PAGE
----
Nelson Glueck included Abila in his extensive survey of Transjordan in the 1930's and 40's. Although he does not mention much about the site, he does remark that it served as an easy quarry for nearby villages to pillage for the purpose of constructing their homes. Glueck suggested that Abila is a possible candidate for Abel Meholah, home of the Old Testament prophet Elijah: 1.) The modern name preserves the Semitic "Abel." 2.) The site is furnished with a substantial perennial stream, and 3.) The site is situated on one of the direct roads to Damascus. Glueck's collection and identification of the sherds from Abila is his major contribution to the investigation of the site.

MODERN EXPEDITIONS

In the summer of 1979, W. Harold Mare of the Covenant Theological Seminary in Saint Louis, Missouri traveled to Jordan to explore possible excavation sites in northern Jordan. As a Professor of New Testament studies, he was especially interested in the Decapolis region. He visited Tell Abil with his daughter Myra (Mare) Ovshak. He later applied to the Department of Antiquities of Jordan for a permit to conduct an archaeological survey at Abila. Thus began a new era in the history of the research of Abila. Dr. Mare's American team would conduct the first extensive archaeological examination of Abila.

students and Jordanians

Archaeological History

Surface sherding (surface survey) conducted in 1980 by Dr. Harold Mare and team revealed that Abila's history extended to the Iron and Early Bronze periods. Excavations at the site have conclusively shown that the archaeological history actually reaches back even to the Neolithic Age (8000 B.C.-4000 B.C.). At present, the Greco-Roman, Byzantine and Islamic periods are the main focus of investigation.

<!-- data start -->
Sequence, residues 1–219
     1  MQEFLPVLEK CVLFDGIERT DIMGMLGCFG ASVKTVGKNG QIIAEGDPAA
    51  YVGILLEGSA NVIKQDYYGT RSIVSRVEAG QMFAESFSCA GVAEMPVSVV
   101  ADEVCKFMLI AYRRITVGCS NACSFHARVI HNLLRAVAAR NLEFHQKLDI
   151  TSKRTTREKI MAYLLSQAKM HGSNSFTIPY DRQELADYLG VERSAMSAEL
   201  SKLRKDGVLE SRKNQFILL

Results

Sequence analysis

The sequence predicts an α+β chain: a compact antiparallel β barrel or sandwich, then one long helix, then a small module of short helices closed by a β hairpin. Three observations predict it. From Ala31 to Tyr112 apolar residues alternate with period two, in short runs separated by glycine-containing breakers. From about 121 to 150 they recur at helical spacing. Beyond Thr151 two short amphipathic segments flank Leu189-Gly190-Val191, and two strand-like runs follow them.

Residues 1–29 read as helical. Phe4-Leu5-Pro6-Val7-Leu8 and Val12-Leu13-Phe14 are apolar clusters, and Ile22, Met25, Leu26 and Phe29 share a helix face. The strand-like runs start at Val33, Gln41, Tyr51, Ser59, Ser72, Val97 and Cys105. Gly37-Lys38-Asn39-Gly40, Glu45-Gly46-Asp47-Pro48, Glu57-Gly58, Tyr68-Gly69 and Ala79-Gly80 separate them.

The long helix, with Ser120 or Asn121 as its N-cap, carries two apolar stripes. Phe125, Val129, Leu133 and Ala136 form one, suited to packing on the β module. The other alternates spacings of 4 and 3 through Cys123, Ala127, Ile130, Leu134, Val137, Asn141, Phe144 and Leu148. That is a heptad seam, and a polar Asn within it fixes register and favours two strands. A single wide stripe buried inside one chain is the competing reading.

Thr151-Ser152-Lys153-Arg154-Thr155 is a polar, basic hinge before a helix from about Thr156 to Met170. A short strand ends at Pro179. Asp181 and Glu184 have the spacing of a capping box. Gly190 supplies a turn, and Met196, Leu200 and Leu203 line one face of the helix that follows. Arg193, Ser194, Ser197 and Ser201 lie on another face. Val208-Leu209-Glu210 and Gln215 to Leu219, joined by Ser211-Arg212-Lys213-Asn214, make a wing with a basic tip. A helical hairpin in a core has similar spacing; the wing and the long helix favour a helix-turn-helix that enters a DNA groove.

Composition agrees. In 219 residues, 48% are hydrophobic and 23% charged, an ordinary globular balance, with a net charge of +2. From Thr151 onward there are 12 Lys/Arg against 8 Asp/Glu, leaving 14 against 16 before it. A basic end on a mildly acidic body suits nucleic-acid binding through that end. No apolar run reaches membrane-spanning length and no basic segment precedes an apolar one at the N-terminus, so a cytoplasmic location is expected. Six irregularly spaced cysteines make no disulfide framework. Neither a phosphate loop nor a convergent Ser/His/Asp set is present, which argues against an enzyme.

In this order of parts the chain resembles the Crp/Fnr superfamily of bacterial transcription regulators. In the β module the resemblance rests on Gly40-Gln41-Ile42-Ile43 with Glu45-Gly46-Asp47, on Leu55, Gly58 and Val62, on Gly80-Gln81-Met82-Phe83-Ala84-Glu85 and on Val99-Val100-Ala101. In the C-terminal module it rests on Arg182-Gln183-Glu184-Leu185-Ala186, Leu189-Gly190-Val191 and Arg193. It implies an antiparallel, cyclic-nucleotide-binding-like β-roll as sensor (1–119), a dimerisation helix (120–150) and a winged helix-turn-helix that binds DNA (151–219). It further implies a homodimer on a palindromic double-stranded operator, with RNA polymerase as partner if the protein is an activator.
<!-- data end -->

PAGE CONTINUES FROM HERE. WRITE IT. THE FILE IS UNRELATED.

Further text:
Artistically, the site has yielded beautiful mosaics. Those in Area A provided a grand path from the North-South Cardo Maximus (main road) leading up to the entry level of the impressively constructed, tri-apsidal basalt church. This, with six other basilicas, three water tunnels, and a plethora of other exciting finds shows that the population at Abila during the Late Roman and Early Byzantine periods was quite considerable. One find revealed an inscription located in one of the water tunnels of Umm el 'Amad. It indicated that Abila had a bishop (episcopos) in the mid-sixth century. The investigation and survey of the subterranean/hydraulic system found that it was very extensive.

Again, this substantiates the extensive occupation and activity of the Byzantine Christians in Transjordan during the sixth century. Significant evidence is coming to light from excavations being carried out at other Decapolis sites. Work has and is being done at Scythopolis (Beth Shan), Philadelphia (Amman), Heliopolis (Baalbak), Damascus, Gadara (Umm Qeis), Gerasa (Jerash), and Pella (Tabaqat Fahl).

Abila and Jesus

One very important consideration that provides understanding of the strategic location and prominence of these cities in the Decapolis league is found in Mark 7:31: ("Then Jesus left the vicinity of Tyre and went through Sidon, down to the Sea of Galilee and into the region of the Decapolis.") [NIV]. Jesus considered this region important enough to visit! This lends credence to the idea that these cities were prominent in antiquity. Did Jesus' itinerary include Abila? This question may never be answered conclusively, due to the lack of hard evidence, but it goes without saying that Abila was a very important city, 

within close proximity to Galilee, being only 12 Roman miles from Gadara. It was located on a strategic route from Nabataea to Damascus, and it had a bountiful water source and equally bountiful agricultural lands. One must remember the words of the Egyptologist, Kenneth Kitchen, "Absence of evidence is not evidence of absence." Whether Jesus actually visited Abila physically we may never know, but He was certainly represented there spiritually as the abundance of Christian art and architecture loudly testifies.